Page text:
New study reveals that West Antarctica's largest glacier may have started retreating as early as the 1940s
NSF's U.S. Antarctic Program contributed to British Antarctic Survey's study
The present-day thinning and retreat of Pine Island Glacier, one of the largest and fastest shrinking glaciers of the West Antarctic Ice Sheet, may have already been underway as early as the 1940s, according to findings from an international research team led by the British Antarctic Survey (BAS), whose fieldwork was facilitated by the National Science Foundation (NSF) via the agency's U.S. Antarctic Program.
The findings were reported in this week's issue of the journal Nature.
"Pine Island Glacier is one of the most inhospitable and remote areas of Antarctica, so to get all the equipment needed to hot-water drill through the ice shelf required a major effort from our collaborators at the U.S. Antarctic Program," said James Smith, a marine geologist with BAS. "On the ground it was a real team effort to lower the drill by hand to the seabed on nearly 1,000 meters of rope. After all that work, the fact that the cores show us something so unexpected and important is a great feeling."
The fate of the West Antarctic Ice Sheet is a major concern to scientists. Pine Island Glacier has thinned and retreated at an alarming rate since 1992, when satellite observations first started. The ice lost from this and neighboring glaciers has added significantly to sea level rise, and this area is one of biggest single unknowns in future projections of global sea level rise. Until now, scientists did not know when the retreat of Pine Island Glacier started, or its underlying cause.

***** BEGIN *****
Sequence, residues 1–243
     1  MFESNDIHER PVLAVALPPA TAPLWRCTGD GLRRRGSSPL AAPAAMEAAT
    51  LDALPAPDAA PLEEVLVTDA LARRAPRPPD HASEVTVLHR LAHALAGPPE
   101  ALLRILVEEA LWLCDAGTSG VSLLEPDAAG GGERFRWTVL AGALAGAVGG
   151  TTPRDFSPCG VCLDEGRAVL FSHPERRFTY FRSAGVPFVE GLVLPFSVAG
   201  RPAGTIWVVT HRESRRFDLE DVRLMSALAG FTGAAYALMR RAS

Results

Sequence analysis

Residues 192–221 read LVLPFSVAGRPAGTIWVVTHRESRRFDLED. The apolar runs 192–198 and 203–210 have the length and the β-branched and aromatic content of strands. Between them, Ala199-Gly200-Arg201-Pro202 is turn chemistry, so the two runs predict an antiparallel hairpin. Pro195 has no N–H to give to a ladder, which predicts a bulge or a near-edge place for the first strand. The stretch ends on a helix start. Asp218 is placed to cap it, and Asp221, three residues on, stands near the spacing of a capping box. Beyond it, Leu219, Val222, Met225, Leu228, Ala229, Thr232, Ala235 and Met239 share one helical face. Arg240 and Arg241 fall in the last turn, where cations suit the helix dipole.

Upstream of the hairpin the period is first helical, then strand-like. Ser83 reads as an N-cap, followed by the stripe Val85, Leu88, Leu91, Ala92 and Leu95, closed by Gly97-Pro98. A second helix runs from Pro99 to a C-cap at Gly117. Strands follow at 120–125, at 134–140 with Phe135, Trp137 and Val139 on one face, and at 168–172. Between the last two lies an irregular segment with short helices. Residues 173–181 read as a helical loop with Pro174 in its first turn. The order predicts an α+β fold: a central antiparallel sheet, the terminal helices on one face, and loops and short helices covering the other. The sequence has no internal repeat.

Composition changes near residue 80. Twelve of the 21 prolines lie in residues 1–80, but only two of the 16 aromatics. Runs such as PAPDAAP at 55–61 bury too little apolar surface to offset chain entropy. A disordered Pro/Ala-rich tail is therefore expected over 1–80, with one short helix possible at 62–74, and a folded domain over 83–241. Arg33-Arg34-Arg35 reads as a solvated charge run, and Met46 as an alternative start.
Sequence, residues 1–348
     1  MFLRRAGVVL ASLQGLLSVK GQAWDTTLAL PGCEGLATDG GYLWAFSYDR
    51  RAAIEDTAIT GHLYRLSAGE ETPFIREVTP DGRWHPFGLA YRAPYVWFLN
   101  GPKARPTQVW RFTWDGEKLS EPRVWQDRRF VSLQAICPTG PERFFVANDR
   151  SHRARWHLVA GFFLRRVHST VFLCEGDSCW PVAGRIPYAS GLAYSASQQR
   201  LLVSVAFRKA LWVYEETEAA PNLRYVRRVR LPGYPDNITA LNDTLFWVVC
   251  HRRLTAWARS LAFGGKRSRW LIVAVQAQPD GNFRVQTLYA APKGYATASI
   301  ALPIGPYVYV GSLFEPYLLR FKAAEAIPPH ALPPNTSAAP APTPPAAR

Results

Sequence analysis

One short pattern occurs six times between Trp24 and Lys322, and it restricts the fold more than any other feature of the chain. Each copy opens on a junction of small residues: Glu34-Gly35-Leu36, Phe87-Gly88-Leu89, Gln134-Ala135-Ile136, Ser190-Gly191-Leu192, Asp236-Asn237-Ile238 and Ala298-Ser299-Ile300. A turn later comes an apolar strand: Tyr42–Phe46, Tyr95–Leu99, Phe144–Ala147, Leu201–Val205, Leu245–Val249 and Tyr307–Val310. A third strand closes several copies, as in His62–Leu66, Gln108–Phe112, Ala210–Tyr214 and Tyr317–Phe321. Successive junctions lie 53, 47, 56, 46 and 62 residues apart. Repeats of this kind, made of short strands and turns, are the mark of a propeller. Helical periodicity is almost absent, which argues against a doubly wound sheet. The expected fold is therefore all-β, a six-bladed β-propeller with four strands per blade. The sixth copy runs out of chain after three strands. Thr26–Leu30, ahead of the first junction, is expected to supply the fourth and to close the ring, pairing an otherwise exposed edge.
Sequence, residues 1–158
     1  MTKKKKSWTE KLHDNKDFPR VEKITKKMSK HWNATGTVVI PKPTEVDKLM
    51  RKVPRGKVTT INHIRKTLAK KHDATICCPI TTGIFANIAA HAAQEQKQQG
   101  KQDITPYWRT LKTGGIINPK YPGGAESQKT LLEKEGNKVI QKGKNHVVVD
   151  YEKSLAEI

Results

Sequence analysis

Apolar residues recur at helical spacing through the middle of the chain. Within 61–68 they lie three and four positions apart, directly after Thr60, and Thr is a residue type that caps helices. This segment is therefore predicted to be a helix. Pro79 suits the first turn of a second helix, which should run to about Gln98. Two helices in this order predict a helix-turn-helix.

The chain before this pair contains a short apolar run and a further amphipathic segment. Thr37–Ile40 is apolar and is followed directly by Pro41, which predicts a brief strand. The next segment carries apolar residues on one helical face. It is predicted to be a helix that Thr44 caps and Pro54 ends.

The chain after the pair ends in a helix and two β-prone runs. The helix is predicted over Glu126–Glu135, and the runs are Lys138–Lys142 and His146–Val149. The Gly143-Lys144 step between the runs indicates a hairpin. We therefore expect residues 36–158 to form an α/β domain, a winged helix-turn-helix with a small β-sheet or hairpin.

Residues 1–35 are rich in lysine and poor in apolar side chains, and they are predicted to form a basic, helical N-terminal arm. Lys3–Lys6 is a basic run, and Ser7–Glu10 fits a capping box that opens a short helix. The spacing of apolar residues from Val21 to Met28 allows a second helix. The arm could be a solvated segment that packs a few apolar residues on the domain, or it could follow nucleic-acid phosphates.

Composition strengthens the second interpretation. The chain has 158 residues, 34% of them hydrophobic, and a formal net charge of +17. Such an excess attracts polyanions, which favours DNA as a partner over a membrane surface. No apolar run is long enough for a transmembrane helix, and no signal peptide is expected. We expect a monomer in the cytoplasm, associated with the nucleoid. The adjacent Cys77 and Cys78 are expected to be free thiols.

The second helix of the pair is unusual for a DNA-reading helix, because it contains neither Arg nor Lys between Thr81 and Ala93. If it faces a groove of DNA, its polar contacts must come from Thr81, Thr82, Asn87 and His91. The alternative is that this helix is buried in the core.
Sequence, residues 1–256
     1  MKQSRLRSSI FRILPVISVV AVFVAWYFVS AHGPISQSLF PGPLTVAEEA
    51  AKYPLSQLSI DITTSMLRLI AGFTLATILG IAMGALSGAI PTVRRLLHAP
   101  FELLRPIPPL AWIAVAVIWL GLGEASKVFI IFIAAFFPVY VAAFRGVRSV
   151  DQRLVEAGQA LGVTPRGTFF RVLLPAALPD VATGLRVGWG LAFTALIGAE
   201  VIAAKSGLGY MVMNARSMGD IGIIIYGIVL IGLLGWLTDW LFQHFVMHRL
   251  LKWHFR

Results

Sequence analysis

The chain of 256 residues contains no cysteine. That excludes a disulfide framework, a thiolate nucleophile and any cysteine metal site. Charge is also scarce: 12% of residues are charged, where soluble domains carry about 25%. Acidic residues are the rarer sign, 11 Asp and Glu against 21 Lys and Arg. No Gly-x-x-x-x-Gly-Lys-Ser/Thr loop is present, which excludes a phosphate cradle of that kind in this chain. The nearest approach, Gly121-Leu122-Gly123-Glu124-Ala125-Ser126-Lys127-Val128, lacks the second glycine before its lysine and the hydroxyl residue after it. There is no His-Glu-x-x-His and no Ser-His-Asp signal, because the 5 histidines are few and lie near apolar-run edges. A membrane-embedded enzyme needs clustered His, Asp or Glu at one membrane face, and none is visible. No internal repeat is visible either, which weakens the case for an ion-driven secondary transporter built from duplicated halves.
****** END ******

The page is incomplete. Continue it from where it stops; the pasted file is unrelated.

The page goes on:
In the BAS study, scientists obtained seabed sediment cores from beneath the floating part of Pine Island Glacier, which revealed a cavity had formed beneath the shelf prior to the mid-1940s. This allowed warm seawater to flow under the shelf, causing it to lift off from the prominent sea floor ridge that held it in place.
The finding strongly suggests that warming of the region associated with El Niño activity initiated the current retreat.
Smith noted the sediment cores, which were obtained through a 450-meter deep hole in the ice and up to 500 meters of ocean, showed how changes halfway around the world in the tropical Pacific could influence the Antarctic ice sheet.
Added Robert Bindschadler, an emeritus researcher at NASA's Goddard Space Flight Center and a co-author on the paper: "A significant implication of our findings is that once an ice sheet retreat is set in motion it can continue for decades, even if what started it gets no worse. It is possible that the changes we see today on Pine Island Glacier were essentially set in motion in the 1940s."
Scientists participating in workshops in the U.S. and U.K. in the past year acknowledged that the future activity of the glacier is an unknown and a potential major concern. The enormous ice sheet holds enough water to produce the equivalent of more than 9 feet (3 meters) of global sea level rise.
David Vaughan, a paper co-author and BAS science director, said that ice loss in this part of West Antarctica has already made a significant contribution to global sea level rise and is one of the largest uncertainties in sea level predictions.
"Understanding what initiated the current changes is one major piece of the jigsaw, and now we are already looking for the next," Vaughan said. "How long will these changes continue and how much ice will Pine Island Glacier and its neighbors lose in the coming century? Data from the U.K.'s iSTAR science program will tell us even more about Pine Island Glacier, but these are big questions that need the international science community to work together."
NSF and the U.K. Natural Environment Research Council recently announced a joint solicitation for proposals to support modeling and fieldwork in the vicinity of West Antarctica's Thwaites Glacier and the adjacent Amundsen Sea, a region that encompasses Pine Island Glacier.
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